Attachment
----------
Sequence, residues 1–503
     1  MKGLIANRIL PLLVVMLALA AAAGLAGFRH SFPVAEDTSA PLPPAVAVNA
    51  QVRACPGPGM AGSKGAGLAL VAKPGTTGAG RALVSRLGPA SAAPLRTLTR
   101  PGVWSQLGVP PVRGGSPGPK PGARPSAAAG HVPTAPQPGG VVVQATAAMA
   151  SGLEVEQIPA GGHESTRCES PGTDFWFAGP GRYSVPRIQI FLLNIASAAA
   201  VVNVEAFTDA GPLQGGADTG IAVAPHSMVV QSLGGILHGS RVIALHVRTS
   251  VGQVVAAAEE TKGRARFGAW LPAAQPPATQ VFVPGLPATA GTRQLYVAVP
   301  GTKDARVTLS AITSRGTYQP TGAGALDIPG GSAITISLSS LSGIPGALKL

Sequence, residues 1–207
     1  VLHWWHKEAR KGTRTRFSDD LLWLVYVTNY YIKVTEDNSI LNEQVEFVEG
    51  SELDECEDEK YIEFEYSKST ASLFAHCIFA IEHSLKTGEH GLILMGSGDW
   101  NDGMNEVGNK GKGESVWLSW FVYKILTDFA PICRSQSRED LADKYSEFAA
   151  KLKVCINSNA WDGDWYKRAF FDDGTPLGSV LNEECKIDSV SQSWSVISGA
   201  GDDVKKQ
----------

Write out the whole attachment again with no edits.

Sequence, residues 1–503
     1  MKGLIANRIL PLLVVMLALA AAAGLAGFRH SFPVAEDTSA PLPPAVAVNA
    51  QVRACPGPGM AGSKGAGLAL VAKPGTTGAG RALVSRLGPA SAAPLRTLTR
   101  PGVWSQLGVP PVRGGSPGPK PGARPSAAAG HVPTAPQPGG VVVQATAAMA
   151  SGLEVEQIPA GGHESTRCES PGTDFWFAGP GRYSVPRIQI FLLNIASAAA
   201  VVNVEAFTDA GPLQGGADTG IAVAPHSMVV QSLGGILHGS RVIALHVRTS
   251  VGQVVAAAEE TKGRARFGAW LPAAQPPATQ VFVPGLPATA GTRQLYVAVP
   301  GTKDARVTLS AITSRGTYQP TGAGALDIPG GSAITISLSS LSGIPGALKL

Sequence, residues 1–207
     1  VLHWWHKEAR KGTRTRFSDD LLWLVYVTNY YIKVTEDNSI LNEQVEFVEG
    51  SELDECEDEK YIEFEYSKST ASLFAHCIFA IEHSLKTGEH GLILMGSGDW
   101  NDGMNEVGNK GKGESVWLSW FVYKILTDFA PICRSQSRED LADKYSEFAA
   151  KLKVCINSNA WDGDWYKRAF FDDGTPLGSV LNEECKIDSV SQSWSVISGA
   201  GDDVKKQ